Sunday, November 30, 2008

William Eggleston at the Whitney

I have not seen all that many photographic exhibitions (Diane Arbus, Robert Mapplethorpe, Stephen Shore, Walker Evans, Henri Cartier-Bresson, Robert Capa, James Bidgood spring to mind) but William Eggleston: Democratic Camera, Photographs and Video, 1961-2008 struck me as the best I have ever seen. It was consistently eye-pleasing, thought-provoking, and heart-warming; it was also very funny in places. Refusing to rank or exclude objects from his democratic field of vision, Eggleston trains his camera everywhere, making what the exhibition justifiably calls "indelible images" out of common things. 

I remember a green-tiled bathroom, with a green bathtub. Though a little moldy between the tiles in the corner, the bathroom glows of cleaning. A light coming into the bathroom creates a chapel-like arch above the green tiles, and the bathtub becomes a baptismal pool.

A man in his fifties sits on a bed covered in a rubber sheet. He is balding, and he stares vacantly into the air of the hotel room. Furnished with standard furniture, the room looks empty. The tiled ceiling looks enormous and threatening.

A street junction bristles with signboards, many of which advertise a car rental company (?), Karco. The repetition of the word in different directions and sizes, the sharp verticals and horizontals of the signs remind me of a Cubist painting.

On a brown table top so dark it looks almost black, five plastic toy animals are arranged, walking to the left. Nearest to the viewer, a blue pig. Behind it, two blue goats walking one after another. Behind them, a yellow duck walking before a red raccoon. Their colors (dye transfer process) are voluminous.

Two girls on a floral couch. One, dressed in a velvety blue, is lying down, pensive as a Pre-Raphaelite maiden, her hands together in front of her. The other, leaning against the back of the couch, brown hair flowing down and curling in imitation of the floral pattern of the couch, is talking to her. A glass, half-filled with water, holds an orange flower, just above the couch. The photograph has the sumptuous suggestion of a Renaissance painting.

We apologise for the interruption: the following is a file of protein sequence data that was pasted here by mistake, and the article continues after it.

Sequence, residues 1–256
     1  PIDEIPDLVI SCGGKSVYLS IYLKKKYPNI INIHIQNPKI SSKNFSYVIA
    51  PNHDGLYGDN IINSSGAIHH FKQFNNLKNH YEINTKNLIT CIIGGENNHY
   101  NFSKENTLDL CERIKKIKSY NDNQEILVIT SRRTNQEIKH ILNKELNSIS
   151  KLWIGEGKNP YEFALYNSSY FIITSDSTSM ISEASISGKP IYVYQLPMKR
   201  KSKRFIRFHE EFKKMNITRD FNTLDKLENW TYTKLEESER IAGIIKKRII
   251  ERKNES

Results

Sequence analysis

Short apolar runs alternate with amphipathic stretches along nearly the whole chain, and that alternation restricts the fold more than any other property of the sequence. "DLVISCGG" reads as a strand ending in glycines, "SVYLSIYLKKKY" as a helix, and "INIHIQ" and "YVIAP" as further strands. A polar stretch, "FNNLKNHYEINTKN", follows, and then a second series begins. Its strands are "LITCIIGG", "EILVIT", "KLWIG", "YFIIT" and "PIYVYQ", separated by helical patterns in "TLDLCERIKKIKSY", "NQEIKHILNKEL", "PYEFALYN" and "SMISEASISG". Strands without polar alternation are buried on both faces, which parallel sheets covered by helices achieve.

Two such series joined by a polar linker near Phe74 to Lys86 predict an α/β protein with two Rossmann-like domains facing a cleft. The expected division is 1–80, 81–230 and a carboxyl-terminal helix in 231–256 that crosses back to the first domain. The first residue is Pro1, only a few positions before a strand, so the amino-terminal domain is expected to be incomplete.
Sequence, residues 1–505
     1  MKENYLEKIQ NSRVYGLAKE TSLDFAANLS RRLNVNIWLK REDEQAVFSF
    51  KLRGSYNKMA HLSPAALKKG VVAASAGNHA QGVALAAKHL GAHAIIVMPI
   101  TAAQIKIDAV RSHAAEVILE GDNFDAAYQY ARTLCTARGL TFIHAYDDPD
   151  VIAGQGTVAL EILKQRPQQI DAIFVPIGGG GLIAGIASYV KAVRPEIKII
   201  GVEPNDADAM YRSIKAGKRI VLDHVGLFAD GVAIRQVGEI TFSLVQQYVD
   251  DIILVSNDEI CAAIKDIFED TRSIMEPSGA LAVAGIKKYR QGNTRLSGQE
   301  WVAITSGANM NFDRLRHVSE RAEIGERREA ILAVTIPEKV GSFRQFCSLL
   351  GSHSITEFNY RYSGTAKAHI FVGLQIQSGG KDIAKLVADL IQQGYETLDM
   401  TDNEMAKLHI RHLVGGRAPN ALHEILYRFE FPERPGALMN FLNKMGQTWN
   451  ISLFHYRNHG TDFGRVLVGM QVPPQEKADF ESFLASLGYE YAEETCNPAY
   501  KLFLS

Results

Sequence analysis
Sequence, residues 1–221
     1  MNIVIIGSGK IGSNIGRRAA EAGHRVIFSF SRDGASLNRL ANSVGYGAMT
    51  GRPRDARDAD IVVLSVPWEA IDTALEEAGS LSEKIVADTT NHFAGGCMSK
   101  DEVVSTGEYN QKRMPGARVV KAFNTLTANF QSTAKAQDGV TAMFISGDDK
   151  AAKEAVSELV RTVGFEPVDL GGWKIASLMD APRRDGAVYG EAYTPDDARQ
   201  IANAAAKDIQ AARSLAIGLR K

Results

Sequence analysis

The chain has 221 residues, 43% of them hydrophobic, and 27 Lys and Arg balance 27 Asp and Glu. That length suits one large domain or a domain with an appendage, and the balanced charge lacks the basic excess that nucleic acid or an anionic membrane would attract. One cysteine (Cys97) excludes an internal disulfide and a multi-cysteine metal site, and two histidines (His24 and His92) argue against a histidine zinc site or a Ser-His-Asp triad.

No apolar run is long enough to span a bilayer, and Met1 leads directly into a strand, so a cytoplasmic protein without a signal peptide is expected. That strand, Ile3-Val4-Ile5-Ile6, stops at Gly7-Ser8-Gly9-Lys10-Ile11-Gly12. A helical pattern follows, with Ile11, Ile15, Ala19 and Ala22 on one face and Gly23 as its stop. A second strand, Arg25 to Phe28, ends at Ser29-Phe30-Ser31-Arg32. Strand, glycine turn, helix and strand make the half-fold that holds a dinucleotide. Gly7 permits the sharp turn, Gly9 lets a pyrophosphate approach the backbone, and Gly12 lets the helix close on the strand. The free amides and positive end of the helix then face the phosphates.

In Graceland, a spotlight shines on Elvis Presley's piano, and changes its gaudy gilding into brassy mirrors. But there is no piano stool in the pool of light. 

And my favorite, on a dresser an old-fashioned tape-player gleaming dully of care and age. Behind it a drawing of a classical building, its facade a colonnade of columns. The photograph was taken in the 1980's. 

The photographs are, in turn, nostalgic, lyrical, transcendental, humorous, piercing, sympathetic, and precise. Their compositions are carefully arranged to appear spontaneous. Their colors richly, never ostentatiously, complement their subjects and moods. They are hung, in this exhibition, according to the books Eggleston published, but they are individual art objects, and not parts of any series, not stages in any investigation. That approach gives each image its uniqueness. This exhibition convinced me that photography is a true art form. 


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